Author Topic: MRA Recap 6-14-2014  (Read 2967 times)

Justin Scott

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MRA Recap 6-14-2014
« on: June 16, 2014, 11:51:39 AM »
It was great to be racing in Marblehead again after a long absence. I had forgotten how beautiful it is to just leave the harbor, turn right and be racing in the Atlantic with stunning views across the islands of Salem Sound in one direction and the open ocean in the other, all accompanied by long Atlantic rollers.  In case any of you are getting blasé, you are all blessed to have such interesting racing and beautiful scenery right on your doorstep. It was interesting racing. Here is one perspective of what was happening on Saturday:

The day started out with a very light gradient Northerly fighting an equally light sea breeze that was trying to form about a mile offshore. As the MRA fleet left Marblehead rock, we all sailed into the hole between the two desultory breezes and there we sat with the Vipers coasting up and down the line and around the committee boat, while the other classes sat firmly glued to the surface by their weight. At around 2.15 pm, the sea breeze finally won out, but with cloud cover over the land and most of the race area it was never going to fill to anything more than 4-8 knots.  This was a day when tide turned out to be paramount!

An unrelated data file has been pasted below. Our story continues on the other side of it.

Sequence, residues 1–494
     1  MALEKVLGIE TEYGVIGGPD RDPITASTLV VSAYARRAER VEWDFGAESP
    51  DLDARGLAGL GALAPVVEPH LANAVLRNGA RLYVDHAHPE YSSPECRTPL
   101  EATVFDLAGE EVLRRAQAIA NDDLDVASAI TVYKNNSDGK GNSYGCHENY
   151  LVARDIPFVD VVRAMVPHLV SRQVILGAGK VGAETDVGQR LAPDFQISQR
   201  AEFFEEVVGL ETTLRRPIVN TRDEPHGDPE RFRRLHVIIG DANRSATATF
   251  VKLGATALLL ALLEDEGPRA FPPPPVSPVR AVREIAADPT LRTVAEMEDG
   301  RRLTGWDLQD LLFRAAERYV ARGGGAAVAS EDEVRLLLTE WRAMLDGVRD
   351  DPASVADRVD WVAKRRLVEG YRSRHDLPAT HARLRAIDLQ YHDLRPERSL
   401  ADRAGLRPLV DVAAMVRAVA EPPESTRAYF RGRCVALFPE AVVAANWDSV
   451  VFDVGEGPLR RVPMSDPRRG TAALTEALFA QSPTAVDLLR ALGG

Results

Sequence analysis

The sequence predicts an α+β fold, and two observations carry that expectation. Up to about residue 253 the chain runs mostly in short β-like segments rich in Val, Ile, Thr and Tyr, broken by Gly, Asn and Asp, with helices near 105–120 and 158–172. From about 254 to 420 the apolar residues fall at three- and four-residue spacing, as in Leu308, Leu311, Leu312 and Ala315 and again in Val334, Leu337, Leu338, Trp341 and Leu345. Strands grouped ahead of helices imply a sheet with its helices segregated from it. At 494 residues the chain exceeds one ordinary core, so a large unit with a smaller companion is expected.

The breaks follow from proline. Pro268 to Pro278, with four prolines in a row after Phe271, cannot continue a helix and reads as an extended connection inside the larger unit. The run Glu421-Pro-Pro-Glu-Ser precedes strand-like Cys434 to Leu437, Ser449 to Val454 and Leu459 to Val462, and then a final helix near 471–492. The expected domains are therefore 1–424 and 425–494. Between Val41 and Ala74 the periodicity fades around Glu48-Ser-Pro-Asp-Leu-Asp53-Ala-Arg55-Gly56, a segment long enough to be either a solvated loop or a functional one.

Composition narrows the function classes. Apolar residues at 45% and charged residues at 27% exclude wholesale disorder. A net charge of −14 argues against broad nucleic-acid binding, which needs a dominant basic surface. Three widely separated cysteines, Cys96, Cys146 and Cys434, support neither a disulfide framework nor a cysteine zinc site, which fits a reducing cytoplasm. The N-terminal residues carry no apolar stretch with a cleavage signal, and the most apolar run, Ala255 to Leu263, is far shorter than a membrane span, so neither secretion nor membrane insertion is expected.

The Vipers started out first. The course was very asymmetric with the windward mark well to the right of the wind creating a long port tack and a short starboard tack. This was compounded by the tide which was running from right to left looking upwind. Normally in these situations, the strategy is to sail part of the longer port tack early in the beat. There is a lot less leverage to be gained on the left, and any headers while heading right on port can be tacked on to pick up nice gainers.  Saturday was proof that there is an exception to every rule. The exception was created by the tide which was a lot stronger at the top of the course than it was by the committee boat.  Since the current was running from right to left, port tack would feel more pressure than starboard tack. On starboard tack, the tide was under our boats making the light winds seem even lighter and on port tack the effect was reversed. Since the tide was stronger further up the course and this effect would be magnified by a slight tide induced lift, we wanted to avoid coming into the top of the course on starboard. The plan on Nick Custer’s boat was to own the left but at the same time avoid at all costs over standing the port lay line.